...they say that Darjeeling is one of the best teas in the world! In the so called Darjeeling District tea is grown and cultivated at about 80 plantations nowadays. Naturally each harvesting season has its own character. Since there are big differences in the seasons, one talks of first flush (these are the finest teas), second flush and Autumnal flush.
The most noble types of Ceylon tea grow in the Highlands of Nuwara-Eliya (Little England) where the climate is pleasant and young Chinese tea plants are used. Nowadays Ceylon tea is known for its refreshing aromatic and bold flavour. The tea grows at different heights from 300 to 2000 meters and has different qualities. Sri Lanka (formerly called Ceylon) is very energetic and independent as a country and has occupied itself as one of the first with the difficult and costly matter of controlled organic cultivation.
It can be said that Assam with its 600 kilometers width from East to West has the world's largest tea growing region. The green house climate with more than 35 degrees Celsius and heavy rains make the tea grow very fast (that is why it has a higher yield than Darjeeling). Assam teas are strong malty in taste and very versatile. They offer a perfect base for numerous blends, like for example the famous East Frisian tea.
Depending on the taste and kind of tea, approx. 10 to 15 grams of black tea per 1 liter of water. The ideal steeping time for black tea is 3 minutes. If you leave it steep longer (than 3 min.) more tannin is extracted out of the leaves.
Contrary to China that produces many different kinds of green teas, Japan only produces few that are from the Sencha leaf (the Japanese most popular drink). Japan, without exception, produces only green teas. China is without a doubt the birthplace of tea. In China tea has been cultivated for about 5000 years. There are many different ways in which green tea can be prepared. The Chinese put the leaves in water and pour hot water on them several times. The higher the quality of green tea, the more often you can leave them in the water.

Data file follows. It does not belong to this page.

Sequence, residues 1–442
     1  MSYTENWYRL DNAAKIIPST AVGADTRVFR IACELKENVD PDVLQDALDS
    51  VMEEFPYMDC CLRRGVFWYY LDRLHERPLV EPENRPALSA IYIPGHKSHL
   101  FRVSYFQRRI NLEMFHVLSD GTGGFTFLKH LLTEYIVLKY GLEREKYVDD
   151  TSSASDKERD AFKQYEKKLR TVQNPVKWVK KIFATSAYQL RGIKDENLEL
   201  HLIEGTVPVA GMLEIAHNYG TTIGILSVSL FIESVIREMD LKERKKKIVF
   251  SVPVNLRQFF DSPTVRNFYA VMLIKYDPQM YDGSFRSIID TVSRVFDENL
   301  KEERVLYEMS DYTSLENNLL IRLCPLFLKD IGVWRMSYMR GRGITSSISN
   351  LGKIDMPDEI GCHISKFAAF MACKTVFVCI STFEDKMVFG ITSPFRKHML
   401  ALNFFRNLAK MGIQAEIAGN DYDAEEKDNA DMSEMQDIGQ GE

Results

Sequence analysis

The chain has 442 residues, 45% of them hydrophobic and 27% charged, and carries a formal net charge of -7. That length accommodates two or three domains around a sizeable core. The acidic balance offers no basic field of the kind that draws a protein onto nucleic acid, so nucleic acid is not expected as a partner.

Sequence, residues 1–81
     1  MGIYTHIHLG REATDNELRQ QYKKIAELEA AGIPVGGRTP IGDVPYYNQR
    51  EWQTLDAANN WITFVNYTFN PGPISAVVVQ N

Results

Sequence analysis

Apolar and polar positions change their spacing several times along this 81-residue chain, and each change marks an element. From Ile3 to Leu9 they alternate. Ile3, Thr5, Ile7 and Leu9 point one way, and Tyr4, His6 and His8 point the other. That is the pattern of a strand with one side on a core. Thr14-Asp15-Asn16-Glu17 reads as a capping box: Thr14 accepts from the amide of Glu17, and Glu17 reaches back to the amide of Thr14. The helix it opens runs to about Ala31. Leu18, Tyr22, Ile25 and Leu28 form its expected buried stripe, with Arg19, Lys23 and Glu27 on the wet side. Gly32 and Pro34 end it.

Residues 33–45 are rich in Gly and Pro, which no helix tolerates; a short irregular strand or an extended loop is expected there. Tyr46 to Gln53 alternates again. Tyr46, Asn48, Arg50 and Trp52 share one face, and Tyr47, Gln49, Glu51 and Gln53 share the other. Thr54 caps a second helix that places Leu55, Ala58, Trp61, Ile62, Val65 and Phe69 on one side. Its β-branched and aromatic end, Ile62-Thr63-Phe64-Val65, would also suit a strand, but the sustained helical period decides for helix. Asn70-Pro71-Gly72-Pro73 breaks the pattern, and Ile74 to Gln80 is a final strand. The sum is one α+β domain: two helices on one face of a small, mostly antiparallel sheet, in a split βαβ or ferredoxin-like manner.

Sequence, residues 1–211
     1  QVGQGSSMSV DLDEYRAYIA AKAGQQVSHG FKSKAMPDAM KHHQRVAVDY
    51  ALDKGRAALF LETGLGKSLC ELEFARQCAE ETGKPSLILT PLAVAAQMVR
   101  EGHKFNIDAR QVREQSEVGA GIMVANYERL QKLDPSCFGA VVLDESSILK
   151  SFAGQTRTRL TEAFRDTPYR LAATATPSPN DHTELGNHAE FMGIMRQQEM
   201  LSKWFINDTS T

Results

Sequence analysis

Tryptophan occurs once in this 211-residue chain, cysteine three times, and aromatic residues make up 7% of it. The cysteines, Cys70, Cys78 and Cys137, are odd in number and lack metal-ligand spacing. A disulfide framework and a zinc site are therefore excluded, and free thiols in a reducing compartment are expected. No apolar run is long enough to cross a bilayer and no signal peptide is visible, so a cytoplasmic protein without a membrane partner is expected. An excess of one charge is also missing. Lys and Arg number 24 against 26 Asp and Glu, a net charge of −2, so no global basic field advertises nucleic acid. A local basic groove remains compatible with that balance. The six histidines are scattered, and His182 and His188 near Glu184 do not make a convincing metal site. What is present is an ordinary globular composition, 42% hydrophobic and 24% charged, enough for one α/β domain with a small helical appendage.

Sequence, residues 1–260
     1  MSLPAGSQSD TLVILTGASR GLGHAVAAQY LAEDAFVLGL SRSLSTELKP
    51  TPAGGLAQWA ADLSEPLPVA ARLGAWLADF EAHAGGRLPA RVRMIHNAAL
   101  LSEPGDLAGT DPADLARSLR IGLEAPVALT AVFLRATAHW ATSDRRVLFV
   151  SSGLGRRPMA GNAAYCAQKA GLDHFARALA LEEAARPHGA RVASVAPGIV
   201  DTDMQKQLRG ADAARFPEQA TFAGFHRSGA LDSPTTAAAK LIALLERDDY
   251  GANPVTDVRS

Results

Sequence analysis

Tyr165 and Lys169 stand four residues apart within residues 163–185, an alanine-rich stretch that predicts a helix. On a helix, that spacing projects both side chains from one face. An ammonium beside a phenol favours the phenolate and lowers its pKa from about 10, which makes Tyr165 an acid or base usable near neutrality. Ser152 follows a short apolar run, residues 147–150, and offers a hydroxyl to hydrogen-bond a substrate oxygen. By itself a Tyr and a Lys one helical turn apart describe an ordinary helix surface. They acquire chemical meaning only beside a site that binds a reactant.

Is Green tea healthy? Look for more information about green tea in "the ABC of Green tea"
For one cup of tea you use one teaspoon of tea. It is better not to use a tea infuser because the leaves cannot unfold properly and so the flavour is not optimum. For green tea we use hot water (60 to 80 °C), not boiling, otherwise the tea becomes bitter. Do not let it steep longer than 2-3 minutes. Another method: pour water of approx. 70 °C on the tea leaves and immediately afterwards remove the leaves. Repeat this. The bitter ingredients have then gone and the tea is milder in taste.
Rooibos grows in South Africa where it is the national drink. Its red colour is obtained by harvesting the young, new shoots, cutting them in small pieces and letting them get in touch with the oxygen from the air. Rooibos is rapidly gaining popularity. One of the reasons why is that it is without caffeine. Colour wise and taste wise it is like black tea.
For one cup of tea you need 1.5 teaspoon Rooibos. Pour boiling water on it and steep for 5 minutes.
Tisanes (herbal teas)
No other drink has
such a position in traditions and habits of people all over the world
than herbal teas or herbal blends (tisanes). In Europe herbal tea blends
have been used as healing drinks for ages. As a remedy herbal blends
were very important for a large part of the population in the 19th
century. In those times most people did not want to (or could not) buy
the imported black and green teas.
Nowadays herbal tea blends are used for two main reasons: because of
the lovely taste and because of the effect of the herbs on the body. It
is not easy which teas can be seen as herbal. Fruit blends and some
spices can also be categorised as herbal teas.
For one cup of tisane you need 2 full teaspoons of herbs. Pour boiling water on it and steep for 8-10 minutes.
are many different kinds and flavours of Fruit tea. Fruit blends are refreshing, healthy, energizing and thirst quenching; all in one. There is almost no limit to the combination that can be created. It'll be difficult to choose! The basis of many
fruit teas is leaves of Hibiscus, Rose hip peel, Strawberry, Fennel, Mint, Lemon peel and Apple and through
other ingredients and aromas the taste is refined. The refreshing taste
plus the fact that it is caffeine free make a fruit tea ideal as thirst
quencher. Fruit teas are lovely both hot and iced. Different blossoms and rose petals give the blends their typical colour.
Suggestion for summer!
On a hot summer day you can create your own iced-tea of a fruit blend by using the so-called 'shock cooling' method. Colour and aroma are well preserved like this. Prepare a double strong fruit blend and pour this in a glass half full of ice cubes. You can serve the drink immediately or put it in the fridge to keep cool.